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Seniors use Tai Chi to stay fit, active

March 18, 1999

Tai ChiBy RICHARD F. BELISLE / Staff Writer, Waynesboro

photos: RIC DUGAN: staff photographer




WAYNESBORO, Pa. - The movements are so slow that it's hard to believe they could provide any physical benefits, but apparently the ancient Chinese knew what they were doing when they invented Tai Chi.

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The 25 people taking a six-week Tai Chi course at the Waynesboro Senior Center say the exercises help them to keep their balance better and improve their short-term memory, breathing and coordination.

"It's helps older people," said Lori Schearer, 31, a physical therapist assistant at Chambersburg Hospital who is teaching the course at the center. The hospital sponsors the Tai Chi courses for seniors in Waynesboro, Greencastle, Pa., and Chambersburg, Pa.

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Tai Chi helps practitioners gain an awareness of their bodies through a series of 108 movements, all done with the hands, foot positions and the shifting of their bodies. To the novice it looks like they're moving giant beachballs around their bodies in very slow motion.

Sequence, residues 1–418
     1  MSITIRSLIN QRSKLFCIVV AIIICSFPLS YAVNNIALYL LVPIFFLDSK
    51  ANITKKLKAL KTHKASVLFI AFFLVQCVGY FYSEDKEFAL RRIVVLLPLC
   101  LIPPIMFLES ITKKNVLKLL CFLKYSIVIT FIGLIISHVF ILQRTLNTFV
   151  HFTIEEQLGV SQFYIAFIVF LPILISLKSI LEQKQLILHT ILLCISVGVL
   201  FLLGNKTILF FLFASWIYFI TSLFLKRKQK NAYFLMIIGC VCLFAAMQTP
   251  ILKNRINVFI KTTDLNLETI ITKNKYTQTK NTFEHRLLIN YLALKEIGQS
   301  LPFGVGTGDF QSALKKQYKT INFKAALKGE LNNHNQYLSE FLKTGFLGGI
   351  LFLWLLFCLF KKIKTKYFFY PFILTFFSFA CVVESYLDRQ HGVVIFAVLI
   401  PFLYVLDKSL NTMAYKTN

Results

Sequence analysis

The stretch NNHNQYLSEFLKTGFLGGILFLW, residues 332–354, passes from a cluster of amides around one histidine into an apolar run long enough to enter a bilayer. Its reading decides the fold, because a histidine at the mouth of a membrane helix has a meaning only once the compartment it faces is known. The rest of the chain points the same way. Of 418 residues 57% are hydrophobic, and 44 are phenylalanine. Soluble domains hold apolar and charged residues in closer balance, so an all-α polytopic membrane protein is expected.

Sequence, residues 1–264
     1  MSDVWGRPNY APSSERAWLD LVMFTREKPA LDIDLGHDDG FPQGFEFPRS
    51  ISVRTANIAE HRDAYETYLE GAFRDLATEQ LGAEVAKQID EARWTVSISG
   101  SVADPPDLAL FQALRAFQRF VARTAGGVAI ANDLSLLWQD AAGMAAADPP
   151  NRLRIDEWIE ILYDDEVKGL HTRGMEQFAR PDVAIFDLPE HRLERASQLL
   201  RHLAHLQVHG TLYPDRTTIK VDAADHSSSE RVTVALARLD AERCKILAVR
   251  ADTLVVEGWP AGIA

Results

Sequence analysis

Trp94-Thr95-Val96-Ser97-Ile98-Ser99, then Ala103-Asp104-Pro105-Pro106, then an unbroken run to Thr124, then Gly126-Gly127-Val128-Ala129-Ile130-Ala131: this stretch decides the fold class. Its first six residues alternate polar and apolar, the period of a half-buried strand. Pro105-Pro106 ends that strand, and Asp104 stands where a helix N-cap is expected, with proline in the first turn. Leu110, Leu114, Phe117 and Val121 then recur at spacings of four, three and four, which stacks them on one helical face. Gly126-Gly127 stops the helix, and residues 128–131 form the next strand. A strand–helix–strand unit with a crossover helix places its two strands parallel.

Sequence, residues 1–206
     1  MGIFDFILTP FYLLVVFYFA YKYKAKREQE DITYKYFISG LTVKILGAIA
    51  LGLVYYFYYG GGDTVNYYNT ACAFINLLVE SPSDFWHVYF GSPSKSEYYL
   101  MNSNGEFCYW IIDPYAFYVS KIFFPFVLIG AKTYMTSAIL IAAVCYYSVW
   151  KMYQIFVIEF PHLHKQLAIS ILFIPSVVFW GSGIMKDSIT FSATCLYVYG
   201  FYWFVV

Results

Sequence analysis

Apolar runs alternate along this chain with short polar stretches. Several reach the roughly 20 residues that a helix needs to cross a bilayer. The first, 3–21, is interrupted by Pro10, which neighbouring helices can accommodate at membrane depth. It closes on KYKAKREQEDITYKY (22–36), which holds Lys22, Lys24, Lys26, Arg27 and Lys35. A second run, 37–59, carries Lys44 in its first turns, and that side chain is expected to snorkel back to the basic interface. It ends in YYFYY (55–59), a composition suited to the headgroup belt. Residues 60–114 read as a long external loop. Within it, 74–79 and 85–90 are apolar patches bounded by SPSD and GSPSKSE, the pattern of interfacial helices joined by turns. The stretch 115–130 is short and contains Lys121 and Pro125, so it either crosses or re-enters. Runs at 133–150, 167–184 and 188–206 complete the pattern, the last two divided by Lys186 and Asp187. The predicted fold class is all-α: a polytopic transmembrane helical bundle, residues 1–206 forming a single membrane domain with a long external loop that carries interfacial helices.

"It was hard for me to slow down at first," Schearer said. "Tai Chi is either frustrating or calming. You learn by repeating, by incorporating your mental capacities to focus on a task over and over. It teaches you about your own body."

Senior Tai ChiThe average age of the 21 women and four men taking the course at the center is in the early 80s. One woman who needed a walker to get around sat on the sidelines in a chair and tried to follow the movements from the waist up.

Irene White spent the first half-hour on the floor with her colleagues doing the movements according to Schearer's choreography. She walked over and sat down next to the woman with the walker. "I can only do it for a while," she said. "I'm moving things I haven't moved in a long while. The best part about this is that it gets you in the habit of getting around and not sitting in a chair all the time."

She said she didn't want to overdo it with the exercises until she's sure she can handle them. "I'm 90 years old," she said.

Emma Bowser, 82, of Waynesboro, likes Tai Chi because it has helped her learn to breathe better. "It helps seniors with their balance," she said. "It's also nice to get together with other people."

A foursome including Donald and Martha Black of Waynesboro and Earnest and Helen Dingle of Blue Ridge Summit, Pa., were waving their hands and bodies to Schearer's commands on the left side of the gymnasium.

"This is good exercise. It helps to keep you loosened up," Earnest Dingle said.

"It keeps your mind active," his wife said. "You have to think about what you're doing. It's also fun for the camaraderie."

Martha Black likes Tai Chi because it's good therapy for her recent knee operation. "I've got to keep it moving," she said. "I'm 77 and I'm trying to keep active."

Added her husband, "You have to exercise before you get sick, not afterwards."

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